Show History



The Christmas Schooner is based on the true story of the Rouse Simmons, a Great Lakes schooner that sunk in a violent storm on Lake Michigan in 1912. The Rouse Simmons was known affectionately as The Christmas Tree Ship because it was one of the many ships that transported fir trees from Michigan's Upper Peninsula to Chicago's German immigrants during the late nineteenth century. Legends and superstitions have grown up around the wreck (as is common in seafaring culture), and some people claim to see ghosts where it crashed. Part of the mystique of the Rouse Simmons comes from the fact that it washed up on the shore with no crew, but its cargo of Christmas trees was still intact.


The Christmas Schooner premiered at Bailiwick Repertory Theatre in 1995. A more-than-twenty-year continuous seasonal run has followed, as well as successful productions in the Midwest, Texas and California.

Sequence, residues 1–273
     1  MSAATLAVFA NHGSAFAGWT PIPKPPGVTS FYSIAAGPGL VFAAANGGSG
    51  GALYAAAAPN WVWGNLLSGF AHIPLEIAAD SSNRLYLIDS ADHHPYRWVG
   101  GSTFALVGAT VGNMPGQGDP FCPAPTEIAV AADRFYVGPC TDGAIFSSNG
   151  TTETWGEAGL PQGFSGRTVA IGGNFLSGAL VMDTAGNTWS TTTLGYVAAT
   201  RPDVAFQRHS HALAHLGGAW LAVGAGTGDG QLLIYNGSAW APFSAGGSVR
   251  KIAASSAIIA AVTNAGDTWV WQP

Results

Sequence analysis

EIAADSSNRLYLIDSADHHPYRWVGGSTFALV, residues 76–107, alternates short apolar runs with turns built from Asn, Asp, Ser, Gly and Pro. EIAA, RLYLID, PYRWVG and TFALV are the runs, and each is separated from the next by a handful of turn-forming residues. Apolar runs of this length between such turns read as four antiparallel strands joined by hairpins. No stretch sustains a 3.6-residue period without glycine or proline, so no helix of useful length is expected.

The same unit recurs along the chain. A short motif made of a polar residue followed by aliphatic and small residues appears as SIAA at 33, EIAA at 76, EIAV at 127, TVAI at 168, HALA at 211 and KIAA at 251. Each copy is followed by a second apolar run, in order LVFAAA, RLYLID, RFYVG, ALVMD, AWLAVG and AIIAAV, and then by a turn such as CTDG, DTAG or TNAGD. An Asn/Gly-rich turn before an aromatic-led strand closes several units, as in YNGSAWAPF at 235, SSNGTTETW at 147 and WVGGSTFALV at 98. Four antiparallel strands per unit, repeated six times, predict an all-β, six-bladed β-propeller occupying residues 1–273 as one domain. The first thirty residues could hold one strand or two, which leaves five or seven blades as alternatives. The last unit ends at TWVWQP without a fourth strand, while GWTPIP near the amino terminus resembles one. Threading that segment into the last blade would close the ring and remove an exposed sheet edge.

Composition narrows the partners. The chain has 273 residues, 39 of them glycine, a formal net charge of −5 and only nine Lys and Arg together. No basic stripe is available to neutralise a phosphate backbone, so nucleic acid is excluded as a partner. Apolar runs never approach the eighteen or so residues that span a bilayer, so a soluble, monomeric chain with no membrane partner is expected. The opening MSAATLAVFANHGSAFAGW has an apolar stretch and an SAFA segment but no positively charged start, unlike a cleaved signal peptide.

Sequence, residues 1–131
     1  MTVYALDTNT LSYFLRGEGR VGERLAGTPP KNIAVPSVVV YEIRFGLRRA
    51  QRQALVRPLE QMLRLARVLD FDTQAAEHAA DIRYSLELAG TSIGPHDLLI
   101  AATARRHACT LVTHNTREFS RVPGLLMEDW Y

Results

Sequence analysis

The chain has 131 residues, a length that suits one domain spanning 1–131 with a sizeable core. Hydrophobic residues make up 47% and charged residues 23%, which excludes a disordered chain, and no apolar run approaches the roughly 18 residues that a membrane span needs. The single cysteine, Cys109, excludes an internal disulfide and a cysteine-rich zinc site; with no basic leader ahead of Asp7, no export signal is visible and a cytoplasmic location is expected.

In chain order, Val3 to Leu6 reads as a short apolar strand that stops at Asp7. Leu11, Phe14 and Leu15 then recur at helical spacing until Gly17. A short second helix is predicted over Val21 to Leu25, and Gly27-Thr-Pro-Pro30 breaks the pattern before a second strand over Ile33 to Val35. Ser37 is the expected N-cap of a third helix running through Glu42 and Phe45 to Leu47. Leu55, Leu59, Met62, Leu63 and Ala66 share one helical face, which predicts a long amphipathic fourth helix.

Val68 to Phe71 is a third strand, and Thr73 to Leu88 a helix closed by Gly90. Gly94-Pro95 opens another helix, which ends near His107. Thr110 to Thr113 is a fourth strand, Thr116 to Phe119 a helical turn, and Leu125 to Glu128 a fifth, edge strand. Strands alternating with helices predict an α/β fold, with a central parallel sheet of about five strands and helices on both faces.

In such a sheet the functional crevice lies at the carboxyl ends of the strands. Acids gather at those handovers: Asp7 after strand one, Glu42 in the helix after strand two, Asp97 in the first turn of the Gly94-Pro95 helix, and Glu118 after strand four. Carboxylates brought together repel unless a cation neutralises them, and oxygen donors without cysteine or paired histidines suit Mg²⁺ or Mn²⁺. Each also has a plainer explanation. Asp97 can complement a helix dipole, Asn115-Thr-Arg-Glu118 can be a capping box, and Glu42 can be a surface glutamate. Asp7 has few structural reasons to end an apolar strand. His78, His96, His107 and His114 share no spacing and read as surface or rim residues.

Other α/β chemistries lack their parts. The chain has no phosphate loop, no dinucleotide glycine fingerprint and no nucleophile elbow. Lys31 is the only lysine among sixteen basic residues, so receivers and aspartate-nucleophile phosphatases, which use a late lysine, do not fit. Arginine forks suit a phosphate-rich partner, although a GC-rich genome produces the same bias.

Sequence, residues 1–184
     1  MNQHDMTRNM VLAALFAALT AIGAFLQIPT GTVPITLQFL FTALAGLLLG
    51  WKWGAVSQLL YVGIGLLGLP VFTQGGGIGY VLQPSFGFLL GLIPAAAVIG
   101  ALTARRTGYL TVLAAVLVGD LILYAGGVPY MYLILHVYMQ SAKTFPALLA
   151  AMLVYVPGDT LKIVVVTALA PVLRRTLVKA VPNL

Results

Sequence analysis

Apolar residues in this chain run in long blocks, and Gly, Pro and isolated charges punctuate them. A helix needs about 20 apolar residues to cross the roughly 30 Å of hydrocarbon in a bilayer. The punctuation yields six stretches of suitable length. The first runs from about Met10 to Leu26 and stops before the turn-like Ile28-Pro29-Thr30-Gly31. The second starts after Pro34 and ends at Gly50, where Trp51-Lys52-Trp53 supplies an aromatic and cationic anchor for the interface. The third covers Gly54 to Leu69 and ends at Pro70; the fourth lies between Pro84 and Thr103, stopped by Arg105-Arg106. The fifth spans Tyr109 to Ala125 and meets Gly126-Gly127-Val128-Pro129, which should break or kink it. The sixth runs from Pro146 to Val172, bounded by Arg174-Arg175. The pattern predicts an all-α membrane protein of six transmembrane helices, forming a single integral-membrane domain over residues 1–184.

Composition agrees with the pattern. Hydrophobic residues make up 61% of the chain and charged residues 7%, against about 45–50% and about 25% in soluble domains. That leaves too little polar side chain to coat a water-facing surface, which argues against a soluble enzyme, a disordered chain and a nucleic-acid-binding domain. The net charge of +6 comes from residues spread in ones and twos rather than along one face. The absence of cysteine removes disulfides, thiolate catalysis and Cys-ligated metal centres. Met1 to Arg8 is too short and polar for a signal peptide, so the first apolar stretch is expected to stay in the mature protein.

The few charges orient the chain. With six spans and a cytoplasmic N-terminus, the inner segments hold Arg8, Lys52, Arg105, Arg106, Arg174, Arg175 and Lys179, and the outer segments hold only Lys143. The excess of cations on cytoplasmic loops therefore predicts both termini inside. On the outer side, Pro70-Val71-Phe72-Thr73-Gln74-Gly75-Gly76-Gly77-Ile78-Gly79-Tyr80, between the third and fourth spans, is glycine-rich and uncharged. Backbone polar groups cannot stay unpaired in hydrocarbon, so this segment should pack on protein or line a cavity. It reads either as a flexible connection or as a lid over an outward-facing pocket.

The Mercury Theater in Chicago mounted a production in 2011. This was the first major production of The Christmas Schooner in the Chicago city limits since the Bailiwick Repertory Theatre in 2008. It began previews on November 16, 2011, and opened on November 19, 2011.

Cultural Influence

  • Painter, Charles Vickery, did a famous painting of the Rouse Simmons that was an inspiration for the musical.
  • The Christmas Schooner wrecked on the coast of Two Rivers, Wisconsin. The ship's legacy lives on in the area, with frequent ghost sightings and tourist attractions along its final route.
  • A cast recording was made of the Bailiwick Repertory Theatre production that has set records with its run.